Cannabis Use Can No Longer Be Punished in Georgia, Court Rules
Georgia’s Constitutional Court has ruled that all punishments for cannabis consumption, including fines, be immediately abolished.
The court’s ruling – which took place on July 30 - was effective immediately, meaning it is now the law.
The only exception to this, according to the Court, is if the cannabis consumption is perceived to cause direct harm to a third party. The Court stated that cannabis use could still be punished if “it is conducted in [educational] institutions, in some public places, for example in public transport, [or] in the presence of juveniles”.
It remains illegal to cultivate or supply cannabis in any circumstances.
The case was filed in the Court by Zurab Japaridze, leader of the Girchi political party. Japaridze lauded the ruling for making Georgia the first former-Soviet country to permit cannabis consumption, OC Media reports.
“This wasn’t a fight for cannabis”, he said, “This was a fight for freedom”.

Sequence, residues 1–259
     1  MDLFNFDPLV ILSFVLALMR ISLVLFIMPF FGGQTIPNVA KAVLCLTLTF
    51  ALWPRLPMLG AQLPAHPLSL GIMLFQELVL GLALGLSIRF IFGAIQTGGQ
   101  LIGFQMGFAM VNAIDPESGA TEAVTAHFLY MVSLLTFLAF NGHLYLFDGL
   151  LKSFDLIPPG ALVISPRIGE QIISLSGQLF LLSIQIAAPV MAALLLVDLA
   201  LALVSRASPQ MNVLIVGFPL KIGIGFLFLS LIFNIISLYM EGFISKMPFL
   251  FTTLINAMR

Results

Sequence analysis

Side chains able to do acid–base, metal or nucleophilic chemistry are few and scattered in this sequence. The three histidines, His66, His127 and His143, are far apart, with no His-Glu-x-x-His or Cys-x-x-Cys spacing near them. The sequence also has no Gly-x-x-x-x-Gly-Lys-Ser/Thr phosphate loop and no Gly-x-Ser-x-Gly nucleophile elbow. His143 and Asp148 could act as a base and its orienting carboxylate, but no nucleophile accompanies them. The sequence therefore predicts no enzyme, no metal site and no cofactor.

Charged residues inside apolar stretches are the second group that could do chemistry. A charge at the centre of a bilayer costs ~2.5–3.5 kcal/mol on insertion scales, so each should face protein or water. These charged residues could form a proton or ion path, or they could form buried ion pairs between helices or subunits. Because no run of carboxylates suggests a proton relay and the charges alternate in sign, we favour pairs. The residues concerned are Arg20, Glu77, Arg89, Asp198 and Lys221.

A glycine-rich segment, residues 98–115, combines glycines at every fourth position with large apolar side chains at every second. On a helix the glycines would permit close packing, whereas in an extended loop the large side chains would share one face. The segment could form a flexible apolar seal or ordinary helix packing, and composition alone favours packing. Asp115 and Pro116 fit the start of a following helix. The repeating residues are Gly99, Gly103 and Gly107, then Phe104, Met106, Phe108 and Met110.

As TalkingDrugs has previously reported, cannabis use was decriminalised in Georgia in November 2017. While this decision ended the criminalisation and imprisonment of people for cannabis use, someone caught smoking the drug could still face a fine of up to GEL 500 ($204).
Prior to this, cannabis offences were met with harsh punishments in Georgia. An amendment to the Georgian Criminal Code in 2006 led to the possession of a small quantity of cannabis being punished by up to 11 years in prison, while possessing a large quantity could be punished by between seven and 14 years. In 2015, amendments reduced these punishments to six years for a small quantity, and between five and eight years for a large quantity.